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Taking Action against Fishing Vessels without Nationality: Have Recent International Developments Clarified the Law?

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Due to the ambiguity of international law in this area, taking action against vessels without nationality on the high seas has been inherently problematic. In recent years, however, a number of legal developments have emerged in the international fisheries sphere, designed to address this uncertainty. This article considers the ambiguity in this area, describes recent legal developments and contemplates their impact on the law, including their potential to contribute to the development of a new customary norm, or represent evidence of an international legal and political consensus on existing law. It considers the likelihood that these recent developments, whatever their precise legal effect, will facilitate the international community’s efforts in combatting illegal, unreported and unregulated fishing into the future.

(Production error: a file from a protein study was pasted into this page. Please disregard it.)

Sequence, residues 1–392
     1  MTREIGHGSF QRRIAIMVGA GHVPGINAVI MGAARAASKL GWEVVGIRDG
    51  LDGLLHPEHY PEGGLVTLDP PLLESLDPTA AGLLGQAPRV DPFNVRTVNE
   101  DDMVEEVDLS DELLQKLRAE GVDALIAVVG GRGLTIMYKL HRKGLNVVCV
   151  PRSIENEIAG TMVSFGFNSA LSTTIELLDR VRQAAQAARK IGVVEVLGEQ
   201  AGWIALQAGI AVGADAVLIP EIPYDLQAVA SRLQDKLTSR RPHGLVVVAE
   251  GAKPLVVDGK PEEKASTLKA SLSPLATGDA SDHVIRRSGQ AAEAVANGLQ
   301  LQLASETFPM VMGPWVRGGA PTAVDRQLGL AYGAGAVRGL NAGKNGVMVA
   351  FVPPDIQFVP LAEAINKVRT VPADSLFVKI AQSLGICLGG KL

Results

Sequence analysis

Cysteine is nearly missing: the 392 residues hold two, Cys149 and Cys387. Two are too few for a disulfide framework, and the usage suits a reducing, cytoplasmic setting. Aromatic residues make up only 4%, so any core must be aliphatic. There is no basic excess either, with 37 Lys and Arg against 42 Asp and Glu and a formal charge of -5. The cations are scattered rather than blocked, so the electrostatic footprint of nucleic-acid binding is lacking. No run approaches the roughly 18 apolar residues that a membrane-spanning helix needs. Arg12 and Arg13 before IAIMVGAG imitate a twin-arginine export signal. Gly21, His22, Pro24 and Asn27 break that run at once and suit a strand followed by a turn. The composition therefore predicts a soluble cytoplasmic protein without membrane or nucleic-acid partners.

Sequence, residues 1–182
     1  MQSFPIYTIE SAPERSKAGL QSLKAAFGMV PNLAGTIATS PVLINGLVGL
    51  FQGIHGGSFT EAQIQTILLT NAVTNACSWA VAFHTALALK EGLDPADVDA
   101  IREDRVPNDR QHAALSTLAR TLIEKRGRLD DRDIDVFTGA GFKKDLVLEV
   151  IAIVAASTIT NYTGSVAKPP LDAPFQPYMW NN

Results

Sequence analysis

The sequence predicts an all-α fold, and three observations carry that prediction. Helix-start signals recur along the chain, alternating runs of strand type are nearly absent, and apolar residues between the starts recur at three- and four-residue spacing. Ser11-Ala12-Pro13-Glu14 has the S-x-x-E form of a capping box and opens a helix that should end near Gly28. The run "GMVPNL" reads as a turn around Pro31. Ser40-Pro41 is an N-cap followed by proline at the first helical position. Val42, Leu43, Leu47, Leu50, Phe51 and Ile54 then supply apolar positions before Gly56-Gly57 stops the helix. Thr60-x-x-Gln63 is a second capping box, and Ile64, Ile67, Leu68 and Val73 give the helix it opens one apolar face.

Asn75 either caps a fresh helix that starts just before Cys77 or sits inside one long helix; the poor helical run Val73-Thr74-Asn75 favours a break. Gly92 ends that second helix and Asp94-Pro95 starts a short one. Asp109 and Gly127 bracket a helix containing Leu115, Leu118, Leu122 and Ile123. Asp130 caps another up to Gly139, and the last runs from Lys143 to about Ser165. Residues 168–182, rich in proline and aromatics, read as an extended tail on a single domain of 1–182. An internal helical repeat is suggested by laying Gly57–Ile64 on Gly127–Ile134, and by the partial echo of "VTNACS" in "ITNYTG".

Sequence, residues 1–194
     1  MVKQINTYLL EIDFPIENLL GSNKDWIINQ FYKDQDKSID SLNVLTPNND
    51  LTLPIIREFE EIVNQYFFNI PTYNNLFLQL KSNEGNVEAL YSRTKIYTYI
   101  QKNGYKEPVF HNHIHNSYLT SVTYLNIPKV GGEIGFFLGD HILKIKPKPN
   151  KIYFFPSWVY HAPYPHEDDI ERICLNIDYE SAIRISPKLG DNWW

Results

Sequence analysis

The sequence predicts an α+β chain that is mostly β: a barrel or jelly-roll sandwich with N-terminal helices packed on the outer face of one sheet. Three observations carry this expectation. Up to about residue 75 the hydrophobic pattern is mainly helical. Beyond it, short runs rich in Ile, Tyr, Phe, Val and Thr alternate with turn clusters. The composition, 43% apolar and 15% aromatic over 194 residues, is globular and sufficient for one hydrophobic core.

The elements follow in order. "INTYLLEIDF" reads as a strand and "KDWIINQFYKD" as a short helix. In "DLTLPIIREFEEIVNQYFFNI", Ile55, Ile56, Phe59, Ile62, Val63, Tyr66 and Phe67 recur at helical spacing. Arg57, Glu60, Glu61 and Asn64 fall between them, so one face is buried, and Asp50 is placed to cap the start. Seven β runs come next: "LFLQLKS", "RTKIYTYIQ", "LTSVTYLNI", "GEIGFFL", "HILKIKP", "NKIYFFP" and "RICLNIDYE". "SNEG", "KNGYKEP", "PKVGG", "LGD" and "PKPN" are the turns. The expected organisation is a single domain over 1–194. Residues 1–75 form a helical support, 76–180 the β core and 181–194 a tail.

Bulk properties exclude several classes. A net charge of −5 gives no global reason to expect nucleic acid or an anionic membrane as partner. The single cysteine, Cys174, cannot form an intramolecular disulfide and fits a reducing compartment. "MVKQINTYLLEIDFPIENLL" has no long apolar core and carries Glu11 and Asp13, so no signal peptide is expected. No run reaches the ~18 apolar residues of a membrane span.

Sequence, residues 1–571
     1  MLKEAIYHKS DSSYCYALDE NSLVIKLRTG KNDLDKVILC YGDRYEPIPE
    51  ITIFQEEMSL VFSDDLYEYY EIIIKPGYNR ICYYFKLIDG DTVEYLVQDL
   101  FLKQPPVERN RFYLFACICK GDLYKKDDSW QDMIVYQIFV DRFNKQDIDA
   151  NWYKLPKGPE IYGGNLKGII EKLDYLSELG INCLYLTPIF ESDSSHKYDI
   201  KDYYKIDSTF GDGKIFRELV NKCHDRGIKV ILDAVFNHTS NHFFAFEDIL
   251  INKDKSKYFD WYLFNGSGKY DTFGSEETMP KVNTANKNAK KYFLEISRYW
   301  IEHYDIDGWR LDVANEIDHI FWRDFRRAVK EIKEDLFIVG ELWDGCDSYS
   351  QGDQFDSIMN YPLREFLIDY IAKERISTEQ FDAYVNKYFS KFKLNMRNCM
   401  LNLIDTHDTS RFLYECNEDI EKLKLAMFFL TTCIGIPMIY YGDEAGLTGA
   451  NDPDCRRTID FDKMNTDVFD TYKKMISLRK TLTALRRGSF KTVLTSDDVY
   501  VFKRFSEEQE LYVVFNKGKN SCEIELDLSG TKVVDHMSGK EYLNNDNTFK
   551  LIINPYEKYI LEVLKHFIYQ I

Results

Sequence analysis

Affiliations: 1: Office of International Law, Attorney-General’s DepartmentAustralia

1 Zoe Scanlon is a Senior Legal Officer in the Office of International Law at the Attorney-General’s Department, Australian Government. The views expressed in this article are those of the author and do not necessarily represent the views of the Australian Government.

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